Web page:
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Phrase: I'm going to take you out to the woodshed



 
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Phrase: I'm going to take you out to the woodshed #1 (permalink) Mon Apr 27, 2009 15:55 pm   Phrase: I'm going to take you out to the woodshed
 

English Language Tests, Intermediate level

ESL/EFL Test #686 "English Slang Idioms (428)", question 5

"If you talk back to me one more time, I'm going to take you out to the .........," Bill threatened his son.

(a) barnyard
(b) woodshed
(c) outhouse
(d) pigpen

English Language Tests, Intermediate level

ESL/EFL Test #686 "English Slang Idioms (428)", answer 5

"If you talk back to me one more time, I'm going to take you out to the woodshed," Bill threatened his son.

Correct answer: (b) woodshed
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Terrible question. I am a native Englishman (and an Oxford graduate) and haven't a clue which of these is right.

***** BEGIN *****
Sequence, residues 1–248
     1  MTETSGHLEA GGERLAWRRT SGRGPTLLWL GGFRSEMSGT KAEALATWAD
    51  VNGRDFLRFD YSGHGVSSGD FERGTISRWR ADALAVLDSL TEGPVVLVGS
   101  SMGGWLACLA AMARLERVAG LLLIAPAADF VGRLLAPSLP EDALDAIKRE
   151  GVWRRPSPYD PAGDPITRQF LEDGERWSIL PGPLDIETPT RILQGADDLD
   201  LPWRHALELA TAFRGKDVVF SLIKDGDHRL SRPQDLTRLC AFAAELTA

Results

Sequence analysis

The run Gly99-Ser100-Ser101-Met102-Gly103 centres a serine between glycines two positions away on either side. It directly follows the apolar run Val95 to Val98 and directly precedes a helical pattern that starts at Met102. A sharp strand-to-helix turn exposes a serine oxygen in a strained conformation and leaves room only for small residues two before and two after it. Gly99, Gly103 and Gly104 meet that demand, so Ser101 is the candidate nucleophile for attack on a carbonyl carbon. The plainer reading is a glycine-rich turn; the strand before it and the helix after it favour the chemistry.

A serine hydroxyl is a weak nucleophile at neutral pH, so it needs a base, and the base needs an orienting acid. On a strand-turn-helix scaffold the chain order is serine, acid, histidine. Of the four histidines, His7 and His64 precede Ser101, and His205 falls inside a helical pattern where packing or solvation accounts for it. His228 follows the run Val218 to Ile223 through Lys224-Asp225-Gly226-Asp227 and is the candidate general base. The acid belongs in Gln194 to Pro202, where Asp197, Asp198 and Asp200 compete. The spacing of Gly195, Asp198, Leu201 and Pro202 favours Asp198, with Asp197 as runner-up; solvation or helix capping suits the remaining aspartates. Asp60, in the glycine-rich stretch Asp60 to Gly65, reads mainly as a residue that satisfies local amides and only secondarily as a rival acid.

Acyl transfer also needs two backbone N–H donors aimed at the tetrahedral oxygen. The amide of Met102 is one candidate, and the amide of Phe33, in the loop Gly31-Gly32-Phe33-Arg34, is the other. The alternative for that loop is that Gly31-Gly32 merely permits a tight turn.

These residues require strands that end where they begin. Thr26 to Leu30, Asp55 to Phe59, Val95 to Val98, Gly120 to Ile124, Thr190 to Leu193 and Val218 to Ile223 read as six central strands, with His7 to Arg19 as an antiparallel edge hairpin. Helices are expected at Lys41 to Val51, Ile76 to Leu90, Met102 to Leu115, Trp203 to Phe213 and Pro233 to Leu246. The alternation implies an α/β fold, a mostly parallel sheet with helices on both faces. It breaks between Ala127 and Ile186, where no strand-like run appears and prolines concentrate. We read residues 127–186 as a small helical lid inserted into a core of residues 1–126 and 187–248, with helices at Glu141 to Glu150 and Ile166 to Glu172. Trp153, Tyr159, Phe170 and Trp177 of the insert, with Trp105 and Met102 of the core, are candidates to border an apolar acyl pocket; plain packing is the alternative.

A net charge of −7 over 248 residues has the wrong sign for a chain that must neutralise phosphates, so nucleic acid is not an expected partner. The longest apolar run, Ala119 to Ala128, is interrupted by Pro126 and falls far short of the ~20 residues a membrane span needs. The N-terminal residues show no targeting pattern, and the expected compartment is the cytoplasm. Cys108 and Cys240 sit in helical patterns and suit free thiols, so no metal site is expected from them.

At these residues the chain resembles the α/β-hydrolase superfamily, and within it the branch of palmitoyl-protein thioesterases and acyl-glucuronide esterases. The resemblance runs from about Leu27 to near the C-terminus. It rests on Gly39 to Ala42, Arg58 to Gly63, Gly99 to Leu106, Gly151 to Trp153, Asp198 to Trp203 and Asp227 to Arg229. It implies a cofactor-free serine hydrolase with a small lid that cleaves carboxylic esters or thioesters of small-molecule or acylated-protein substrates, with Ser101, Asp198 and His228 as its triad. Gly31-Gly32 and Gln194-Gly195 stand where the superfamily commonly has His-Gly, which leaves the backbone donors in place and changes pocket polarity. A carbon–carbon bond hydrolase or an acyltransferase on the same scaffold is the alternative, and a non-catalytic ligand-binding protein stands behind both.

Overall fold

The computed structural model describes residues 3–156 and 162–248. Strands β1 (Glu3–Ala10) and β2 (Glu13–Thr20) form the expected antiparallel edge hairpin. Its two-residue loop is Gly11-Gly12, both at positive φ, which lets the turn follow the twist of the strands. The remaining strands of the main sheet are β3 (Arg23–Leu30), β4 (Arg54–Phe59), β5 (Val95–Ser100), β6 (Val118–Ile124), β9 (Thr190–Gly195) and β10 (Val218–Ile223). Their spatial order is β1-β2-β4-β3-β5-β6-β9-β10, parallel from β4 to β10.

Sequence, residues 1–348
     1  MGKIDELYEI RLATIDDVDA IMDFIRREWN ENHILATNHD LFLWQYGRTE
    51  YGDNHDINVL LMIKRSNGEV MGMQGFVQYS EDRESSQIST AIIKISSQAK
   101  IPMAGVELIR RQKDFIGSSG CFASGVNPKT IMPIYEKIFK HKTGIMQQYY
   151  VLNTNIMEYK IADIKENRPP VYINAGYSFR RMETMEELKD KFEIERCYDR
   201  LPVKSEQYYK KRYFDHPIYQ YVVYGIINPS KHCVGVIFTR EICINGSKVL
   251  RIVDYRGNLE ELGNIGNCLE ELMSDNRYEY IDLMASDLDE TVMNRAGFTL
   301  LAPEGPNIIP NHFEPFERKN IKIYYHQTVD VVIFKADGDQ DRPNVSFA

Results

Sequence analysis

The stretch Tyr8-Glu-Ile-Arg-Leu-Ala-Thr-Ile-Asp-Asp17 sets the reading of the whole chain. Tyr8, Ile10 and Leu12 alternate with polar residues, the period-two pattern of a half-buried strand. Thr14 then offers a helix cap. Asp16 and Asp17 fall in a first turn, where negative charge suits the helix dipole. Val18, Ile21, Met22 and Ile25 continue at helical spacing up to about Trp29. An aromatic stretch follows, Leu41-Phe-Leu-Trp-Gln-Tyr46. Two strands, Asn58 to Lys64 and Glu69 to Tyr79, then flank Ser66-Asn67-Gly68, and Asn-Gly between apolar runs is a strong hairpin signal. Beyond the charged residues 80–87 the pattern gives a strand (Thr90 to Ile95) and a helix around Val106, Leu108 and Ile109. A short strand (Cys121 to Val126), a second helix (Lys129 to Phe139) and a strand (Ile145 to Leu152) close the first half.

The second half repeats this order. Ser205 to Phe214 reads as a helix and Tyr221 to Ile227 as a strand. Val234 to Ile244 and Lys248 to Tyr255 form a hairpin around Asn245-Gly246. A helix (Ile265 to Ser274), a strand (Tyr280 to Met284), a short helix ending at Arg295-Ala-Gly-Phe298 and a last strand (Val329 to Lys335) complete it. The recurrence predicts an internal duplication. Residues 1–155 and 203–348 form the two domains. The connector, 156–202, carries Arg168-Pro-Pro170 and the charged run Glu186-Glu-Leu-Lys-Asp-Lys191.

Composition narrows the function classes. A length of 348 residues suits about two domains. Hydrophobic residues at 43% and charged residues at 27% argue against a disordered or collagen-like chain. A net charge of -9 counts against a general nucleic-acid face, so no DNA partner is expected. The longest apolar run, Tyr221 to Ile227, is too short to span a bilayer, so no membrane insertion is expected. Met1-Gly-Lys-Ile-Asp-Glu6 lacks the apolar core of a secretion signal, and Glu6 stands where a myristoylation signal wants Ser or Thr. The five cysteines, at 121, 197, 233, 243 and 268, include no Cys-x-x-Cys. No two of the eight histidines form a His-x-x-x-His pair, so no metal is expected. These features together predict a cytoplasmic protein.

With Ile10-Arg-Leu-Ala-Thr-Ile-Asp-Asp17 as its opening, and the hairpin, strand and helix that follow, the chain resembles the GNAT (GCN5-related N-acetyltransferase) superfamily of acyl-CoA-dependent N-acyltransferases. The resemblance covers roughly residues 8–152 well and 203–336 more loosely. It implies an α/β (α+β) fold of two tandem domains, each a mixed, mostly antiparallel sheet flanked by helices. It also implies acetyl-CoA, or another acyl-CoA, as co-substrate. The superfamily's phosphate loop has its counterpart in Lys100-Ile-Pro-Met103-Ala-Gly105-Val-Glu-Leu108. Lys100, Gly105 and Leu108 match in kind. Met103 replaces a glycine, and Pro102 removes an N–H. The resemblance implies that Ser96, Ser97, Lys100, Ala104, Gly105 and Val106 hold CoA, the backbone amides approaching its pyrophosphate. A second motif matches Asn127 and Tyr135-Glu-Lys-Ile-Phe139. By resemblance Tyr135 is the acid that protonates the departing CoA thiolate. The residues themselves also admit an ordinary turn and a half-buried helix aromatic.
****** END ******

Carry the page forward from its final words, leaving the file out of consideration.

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Phrase: I'm going to take you out to the woodshed #2 (permalink) Mon Apr 27, 2009 16:04 pm   Phrase: I'm going to take you out to the woodshed
 

You never are.!!!!!!!!!!!!!!!!

Means that his Father was going to give him a thrashing for being so damned cheeky.
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Phrase: I'm going to take you out to the woodshed #3 (permalink) Wed Apr 29, 2009 7:33 am   Phrase: I'm going to take you out to the woodshed
 

For some reason, the woodshed is associated with both punishments, and musical practice.

I'm not sure why the woodshed would be any more preferred over any other external building for punishment or musical practice.

Perhaps musical practice would disturb livestock in a barn, and a woodshed might be a ready source of branches for whipping? Perhaps a woodshed is more isolated than a barn.

The stacked wood would also serve as a damper for the sound vibrations, so the sounds of beatings and musical notes wouldn't carry as far.

These are just silly theories on my part. I'm not sure of the actual etymology of these phrases.
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